Ghanaian smock

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A boy wearing a heavy smock
A man wearing a light smock
A sleeveless smock in display
A female smock weaver at work

A Ghanaian smock is a plaid shirt that is similar to the dashiki, worn by both women and men in Ghana.[1] It is the most popular traditional attire in Ghana. The smock is called Bingmaa in Dagbani language, Bun-nwↃ or Bana by Mamprusis, fugu in Mosi, batakari in the southern regions, dansika in Frafra, and Banaa in Kusaal both in the upper east region.[2] It is worn by Royals and civilians across Dagbon and other northern regions, but popular across Ghana. The smock originated in the northern region of Ghana but widely used in West Africa and diasporans across the world. The smock is not unlike the national attire of Burkina Faso known as faso dan fadi.

The smock and Kente cloth are the national dress of Ghana. Kente cloth originated in the southern region of Ghana.

The smock is made of hand-loomed strips popularly called Strip Cloths.[3] They are made of a mixture of dyed and undyed cotton loom, and are originally from the northern part of Ghana and other parts of West Africa. The strips are sewn together by hand or machine giving the smock a plaid appearance. Most smocks have embroidery on the neckline. The smock is worn with a kufi cap. However, chiefs in Ghana wear the smock with a red fez hat.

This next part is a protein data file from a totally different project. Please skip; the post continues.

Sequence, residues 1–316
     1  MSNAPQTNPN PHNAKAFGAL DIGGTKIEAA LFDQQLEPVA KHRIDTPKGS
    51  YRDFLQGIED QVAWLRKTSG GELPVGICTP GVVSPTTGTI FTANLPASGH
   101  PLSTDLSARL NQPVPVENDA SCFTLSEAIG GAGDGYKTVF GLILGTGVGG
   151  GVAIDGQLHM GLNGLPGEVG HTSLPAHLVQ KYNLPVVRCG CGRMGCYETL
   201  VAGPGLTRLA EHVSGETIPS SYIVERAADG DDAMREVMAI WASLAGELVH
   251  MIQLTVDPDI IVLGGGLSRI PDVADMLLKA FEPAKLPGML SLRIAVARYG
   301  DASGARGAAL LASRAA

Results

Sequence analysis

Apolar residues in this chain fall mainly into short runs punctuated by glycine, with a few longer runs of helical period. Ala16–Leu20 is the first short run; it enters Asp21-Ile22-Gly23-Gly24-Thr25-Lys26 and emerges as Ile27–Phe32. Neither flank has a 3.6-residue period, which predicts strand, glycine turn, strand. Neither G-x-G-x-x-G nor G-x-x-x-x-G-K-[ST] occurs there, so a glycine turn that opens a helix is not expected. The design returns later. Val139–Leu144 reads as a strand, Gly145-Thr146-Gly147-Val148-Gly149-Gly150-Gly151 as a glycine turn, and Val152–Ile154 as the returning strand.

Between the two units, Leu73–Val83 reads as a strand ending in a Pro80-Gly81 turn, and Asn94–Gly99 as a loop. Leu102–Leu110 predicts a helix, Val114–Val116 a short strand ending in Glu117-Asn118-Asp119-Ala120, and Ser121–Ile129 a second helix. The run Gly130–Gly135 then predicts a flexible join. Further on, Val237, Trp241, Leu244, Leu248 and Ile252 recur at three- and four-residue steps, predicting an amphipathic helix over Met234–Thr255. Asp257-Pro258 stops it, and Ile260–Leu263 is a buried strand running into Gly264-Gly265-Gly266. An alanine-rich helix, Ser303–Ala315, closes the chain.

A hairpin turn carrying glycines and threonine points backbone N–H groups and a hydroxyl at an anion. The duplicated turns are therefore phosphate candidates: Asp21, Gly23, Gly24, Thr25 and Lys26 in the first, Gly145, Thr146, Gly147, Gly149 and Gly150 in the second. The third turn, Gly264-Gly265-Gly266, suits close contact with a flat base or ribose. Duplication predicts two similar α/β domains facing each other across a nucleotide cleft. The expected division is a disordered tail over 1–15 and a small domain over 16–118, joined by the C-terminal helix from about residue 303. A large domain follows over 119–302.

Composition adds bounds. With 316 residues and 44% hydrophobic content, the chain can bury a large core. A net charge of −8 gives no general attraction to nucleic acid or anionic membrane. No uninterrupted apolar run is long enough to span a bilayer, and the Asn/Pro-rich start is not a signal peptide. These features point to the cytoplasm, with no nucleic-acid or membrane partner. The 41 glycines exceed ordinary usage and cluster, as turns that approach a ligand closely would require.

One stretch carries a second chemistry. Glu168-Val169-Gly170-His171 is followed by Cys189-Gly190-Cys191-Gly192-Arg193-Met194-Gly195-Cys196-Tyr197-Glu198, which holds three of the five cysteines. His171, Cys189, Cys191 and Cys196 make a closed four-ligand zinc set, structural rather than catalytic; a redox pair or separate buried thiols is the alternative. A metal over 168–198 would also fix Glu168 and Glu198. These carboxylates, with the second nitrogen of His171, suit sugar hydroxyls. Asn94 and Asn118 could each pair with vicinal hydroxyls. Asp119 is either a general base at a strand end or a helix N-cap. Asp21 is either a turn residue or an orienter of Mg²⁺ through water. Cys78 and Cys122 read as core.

The smock in the West[edit]

Historically, the smock was rarely seen in the West. As recently as the 1990s, immigrants from Ghana were the only individuals seen wearing the smock. All of that changed as the popularity of films produced in Ghana increased among Black Americans and Caribbeans. In recent years people of African descent have started wearing smocks to churches, mosques, African festivals, and Kwanzaa celebrations in major Western cities like New York and Kingston, Jamaica.

Popular culture[edit]

A man is seen wearing a smock in the opening scene of the Jackie Aygemang movie, I Knew Nothing Till You Taught Me.

See also[edit]


  1. ^ "Northern Ghana Clothing".
  2. ^ "Ghanaian Folk Clothing". Archived from the original on 2009-01-09.
  3. ^ "Handwoven Strip Cloth". Retrieved November 8, 2022.

External links[edit]

Media related to Ghanaian smocks at Wikimedia Commons